Faculty Advisor

Morris Beato PT, DPT, GCS, NCS, CEEAA; Nicole Dawson, PT, PhD, GCS

Publication Date

Spring 2020


Falls are a leading cause of morbidity, mortality, loss of independence, and significant functional decline in older adults. When compared to their community dwelling counterparts, residents of assisted living facilities (ALFs) are at an even greater risk for falls. Recent research has found that an Otago-based exercise program may decrease falls and falls risk among older adults.

PURPOSE: This study was designed to compare the outcomes of an Otago-based exercise program and traditional physical therapy in decreasing falls and the risk of falls among older adults living in an ALF. We hypothesized that traditional physical therapy would reduce falls risk and the number of falls in ALF-residing older adults more than an Otago-based Exercise (OBE).

METHODS: This study is a quasi-experimental retrospective chart review which included 59 older adults living in an ALF, who received either traditional physical therapy (n = 29) or OBE (n = 30). Participants were classified at risk for falls by the Tinetti Performance-Oriented Mobility Assessment (POMA). Primary variables included number of falls prior to intervention, during and 1 year post-intervention, as well as pre and post treatment POMA scores.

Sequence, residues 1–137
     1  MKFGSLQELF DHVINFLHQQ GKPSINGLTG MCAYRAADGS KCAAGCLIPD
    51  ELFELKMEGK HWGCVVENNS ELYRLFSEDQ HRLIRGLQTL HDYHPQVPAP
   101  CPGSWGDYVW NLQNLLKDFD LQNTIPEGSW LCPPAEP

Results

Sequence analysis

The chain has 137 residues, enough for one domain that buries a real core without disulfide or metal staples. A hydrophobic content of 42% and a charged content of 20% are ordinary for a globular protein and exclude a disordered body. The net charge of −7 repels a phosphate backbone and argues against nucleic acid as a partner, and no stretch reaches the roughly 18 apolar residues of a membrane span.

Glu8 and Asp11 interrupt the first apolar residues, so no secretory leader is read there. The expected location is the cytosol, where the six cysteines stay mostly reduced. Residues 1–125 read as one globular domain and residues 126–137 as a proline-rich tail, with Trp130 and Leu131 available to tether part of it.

RESULTS: Group assignment did not significantly predict performance in key outcome measures. No differences were found in the number of falls (p= 0.199) or POMA scores (p = 0.063) following treatment.

CONCLUSION: Both OBE and traditional physical therapy may be effective interventions for reducing falls and fall risk in the ALF setting. One treatment strategy did not prove to be superior to the other.

Access Status

UCF Only